Practical information about e-learning: recruitment and training05-Sep-2012
As my introduction promised, in the first article of the series I am going to concentrate on the topic of teacher recruitment and training. E-learning in this case means blended learning, the combination of traditional classes with various computer-mediated activities. I am going to talk about the importance of selecting the right teacher for the job and the key role they play in raising student interest. Throughout this article I will assess the issues at hand from an e-learning rookie’s point of view.
A teacher’s attitude towards any type of e-learning is a sensitive topic. Head teachers, usually with decades of teaching experience are more then often not experienced in blended-learning methodology and they feel intimidated if the topic is raised. The lack of interest can be because they are not experienced in using advanced technology in class (other than OHP and CD player) or believe that e-learning methods are inferior to the “proven” conventional methodology.
This can result in avoidance or shunning e-learning and this issue has to be addressed and spoken of openly. If there is a hidden “conspiracy” going on between the head teachers and other experienced members of the “old guard”, the success of your e-learning program could be in jeopardy. Therefore I suggest that the teacher who is appointed to oversee the program should have equally proficient skills in teaching and utilizing technology in class.
As a rule of thumb, when recruiting teachers, don’t try to convince them to do e-learning classes unless they are interested. You have to accept that some teachers will never become good e-learning teachers. This of course doesn’t mean they are bad teachers – you just have to find the right people for the right job. In my experience (based on a pool of about 120 teachers) approximately 25-30 percent of them are actually technophobes. No need to make their lives more difficult with assigning them a blended learning class. A good 40 percent is the average user and about 30-35 percent is the cream of the crop. But whatever the percentages are now, keep in mind what a cleverer man then me once said: “Technology will never replace teachers but teachers who know how to use technology will gradually replace those who don’t”.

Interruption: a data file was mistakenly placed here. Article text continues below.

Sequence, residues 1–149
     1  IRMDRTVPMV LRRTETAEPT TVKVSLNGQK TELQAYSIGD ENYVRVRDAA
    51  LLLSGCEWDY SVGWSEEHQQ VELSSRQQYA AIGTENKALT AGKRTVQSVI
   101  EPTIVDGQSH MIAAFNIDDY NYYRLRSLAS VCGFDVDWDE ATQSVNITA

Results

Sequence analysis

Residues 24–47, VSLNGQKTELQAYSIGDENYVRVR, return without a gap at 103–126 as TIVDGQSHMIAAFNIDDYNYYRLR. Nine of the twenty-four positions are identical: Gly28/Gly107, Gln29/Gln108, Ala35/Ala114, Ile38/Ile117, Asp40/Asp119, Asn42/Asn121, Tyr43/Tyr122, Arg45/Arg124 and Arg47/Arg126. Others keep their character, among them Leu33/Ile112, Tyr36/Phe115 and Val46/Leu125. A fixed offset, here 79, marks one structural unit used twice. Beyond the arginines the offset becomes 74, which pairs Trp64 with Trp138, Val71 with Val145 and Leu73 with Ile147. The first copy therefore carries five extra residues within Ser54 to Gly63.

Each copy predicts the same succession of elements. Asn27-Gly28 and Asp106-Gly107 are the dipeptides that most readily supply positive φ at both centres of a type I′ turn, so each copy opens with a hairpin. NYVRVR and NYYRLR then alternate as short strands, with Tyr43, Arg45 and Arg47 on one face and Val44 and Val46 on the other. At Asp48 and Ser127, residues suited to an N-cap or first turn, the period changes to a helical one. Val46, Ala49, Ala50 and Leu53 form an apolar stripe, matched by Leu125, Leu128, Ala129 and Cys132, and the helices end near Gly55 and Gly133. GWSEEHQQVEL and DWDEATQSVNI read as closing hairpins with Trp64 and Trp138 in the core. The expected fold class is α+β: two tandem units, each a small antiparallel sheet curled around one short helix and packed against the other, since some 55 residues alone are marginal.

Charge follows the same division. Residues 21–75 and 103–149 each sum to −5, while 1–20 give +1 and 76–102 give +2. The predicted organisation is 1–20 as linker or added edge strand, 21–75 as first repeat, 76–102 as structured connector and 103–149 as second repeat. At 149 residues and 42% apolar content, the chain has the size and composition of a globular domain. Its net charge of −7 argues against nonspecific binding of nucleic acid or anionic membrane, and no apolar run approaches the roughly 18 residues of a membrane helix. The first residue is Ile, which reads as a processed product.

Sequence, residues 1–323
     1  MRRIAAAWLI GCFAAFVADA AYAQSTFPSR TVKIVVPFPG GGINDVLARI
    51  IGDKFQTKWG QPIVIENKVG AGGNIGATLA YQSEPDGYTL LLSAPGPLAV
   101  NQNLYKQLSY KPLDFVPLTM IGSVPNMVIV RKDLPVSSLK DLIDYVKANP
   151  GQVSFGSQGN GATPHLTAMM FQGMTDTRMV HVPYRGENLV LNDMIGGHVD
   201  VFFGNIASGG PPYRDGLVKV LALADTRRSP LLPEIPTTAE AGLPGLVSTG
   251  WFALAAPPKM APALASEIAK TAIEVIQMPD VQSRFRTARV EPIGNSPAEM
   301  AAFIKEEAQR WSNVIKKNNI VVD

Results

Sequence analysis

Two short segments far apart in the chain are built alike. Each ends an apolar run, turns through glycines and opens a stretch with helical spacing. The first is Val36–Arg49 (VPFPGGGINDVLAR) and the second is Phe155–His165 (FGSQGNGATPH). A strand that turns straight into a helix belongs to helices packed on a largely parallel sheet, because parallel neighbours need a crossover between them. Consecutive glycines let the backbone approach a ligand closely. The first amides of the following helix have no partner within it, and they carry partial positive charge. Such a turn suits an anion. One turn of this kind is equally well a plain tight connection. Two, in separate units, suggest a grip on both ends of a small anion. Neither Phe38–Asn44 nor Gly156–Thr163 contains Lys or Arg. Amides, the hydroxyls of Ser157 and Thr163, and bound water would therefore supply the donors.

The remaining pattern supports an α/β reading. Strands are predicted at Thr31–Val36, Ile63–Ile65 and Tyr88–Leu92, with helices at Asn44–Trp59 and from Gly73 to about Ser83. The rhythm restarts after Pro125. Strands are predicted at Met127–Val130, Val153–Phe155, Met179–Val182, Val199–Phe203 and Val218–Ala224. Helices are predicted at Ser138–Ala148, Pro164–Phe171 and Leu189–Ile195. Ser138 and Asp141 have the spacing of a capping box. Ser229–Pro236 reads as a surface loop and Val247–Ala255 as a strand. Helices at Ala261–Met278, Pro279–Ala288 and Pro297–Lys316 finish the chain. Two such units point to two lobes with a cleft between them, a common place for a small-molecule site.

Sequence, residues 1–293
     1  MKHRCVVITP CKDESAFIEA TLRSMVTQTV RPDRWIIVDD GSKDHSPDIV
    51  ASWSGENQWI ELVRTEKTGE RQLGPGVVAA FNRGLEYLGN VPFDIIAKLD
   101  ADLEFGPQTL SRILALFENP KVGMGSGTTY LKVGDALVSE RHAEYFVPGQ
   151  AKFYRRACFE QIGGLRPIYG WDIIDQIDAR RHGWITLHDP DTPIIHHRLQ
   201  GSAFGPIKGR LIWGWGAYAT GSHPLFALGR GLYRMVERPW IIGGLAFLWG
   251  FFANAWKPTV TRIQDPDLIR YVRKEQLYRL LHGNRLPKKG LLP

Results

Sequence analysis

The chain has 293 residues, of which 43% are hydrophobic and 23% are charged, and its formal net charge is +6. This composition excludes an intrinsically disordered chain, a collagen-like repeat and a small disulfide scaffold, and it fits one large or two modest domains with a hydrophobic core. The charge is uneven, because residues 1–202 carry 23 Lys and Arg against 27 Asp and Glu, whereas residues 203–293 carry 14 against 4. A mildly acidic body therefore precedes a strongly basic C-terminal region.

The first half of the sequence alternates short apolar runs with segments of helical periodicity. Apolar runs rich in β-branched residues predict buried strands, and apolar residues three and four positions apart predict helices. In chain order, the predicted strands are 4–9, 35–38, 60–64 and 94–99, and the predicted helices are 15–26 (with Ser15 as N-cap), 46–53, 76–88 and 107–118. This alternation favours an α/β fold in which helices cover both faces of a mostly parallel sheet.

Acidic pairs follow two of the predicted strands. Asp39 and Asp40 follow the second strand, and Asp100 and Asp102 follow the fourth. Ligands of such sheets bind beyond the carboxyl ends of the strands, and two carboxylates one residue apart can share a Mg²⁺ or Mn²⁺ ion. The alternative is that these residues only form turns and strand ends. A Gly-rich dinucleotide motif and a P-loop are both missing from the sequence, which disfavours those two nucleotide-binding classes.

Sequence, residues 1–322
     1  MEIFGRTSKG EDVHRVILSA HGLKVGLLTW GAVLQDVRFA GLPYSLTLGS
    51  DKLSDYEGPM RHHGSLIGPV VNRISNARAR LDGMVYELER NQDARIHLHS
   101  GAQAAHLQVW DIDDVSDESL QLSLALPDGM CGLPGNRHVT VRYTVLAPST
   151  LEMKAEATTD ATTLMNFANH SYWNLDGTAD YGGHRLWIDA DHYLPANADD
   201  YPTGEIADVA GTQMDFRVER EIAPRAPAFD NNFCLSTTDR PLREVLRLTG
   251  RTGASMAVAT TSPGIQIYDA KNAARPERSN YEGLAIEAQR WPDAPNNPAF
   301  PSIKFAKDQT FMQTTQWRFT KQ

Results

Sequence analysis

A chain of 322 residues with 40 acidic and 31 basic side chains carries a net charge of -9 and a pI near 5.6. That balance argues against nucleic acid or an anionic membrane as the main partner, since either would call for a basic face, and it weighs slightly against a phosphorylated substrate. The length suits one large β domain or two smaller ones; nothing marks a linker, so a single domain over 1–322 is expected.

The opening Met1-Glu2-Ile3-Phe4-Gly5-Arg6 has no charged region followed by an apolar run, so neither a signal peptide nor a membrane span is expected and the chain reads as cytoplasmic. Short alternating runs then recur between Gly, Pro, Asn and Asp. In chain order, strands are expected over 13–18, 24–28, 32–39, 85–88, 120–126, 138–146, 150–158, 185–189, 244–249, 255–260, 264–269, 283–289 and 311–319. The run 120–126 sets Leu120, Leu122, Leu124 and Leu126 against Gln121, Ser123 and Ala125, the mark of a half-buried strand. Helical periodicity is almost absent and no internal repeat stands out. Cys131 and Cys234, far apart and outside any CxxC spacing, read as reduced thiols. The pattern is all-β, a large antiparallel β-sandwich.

When training teachers we concentrate on the three fundaments of our blended program:
- e-learning materials should be strongly related to and amend the conventional classes
- teachers should be involved in selecting and handing out e-learning materials as well as monitoring learners’ work
- teachers should be monitored and checked regularly by head teachers and given regular counsel to develop their skills
A classic blended learning course has fewer face to face sessions and the missing classes are supplanted by e-learning material to be completed by the learners at home. Typically receptive skills, writing, and grammar are done alone, while face to face classes concentrate on speaking and necessary explanations. For that reason in our training sessions I always make sure teachers understand the difference between homework and online, interactive part of the class that has to be completed alone by the learner. Teachers should be prepared and able to assign relevant material to their groups via the Macmillan English Campus or in other ways. It is vital for the e-learning material to be related to the conventional session in order to amend it and make it a whole. If learners don’t understand the importance of e-learning material, they will be less inclined to complete it.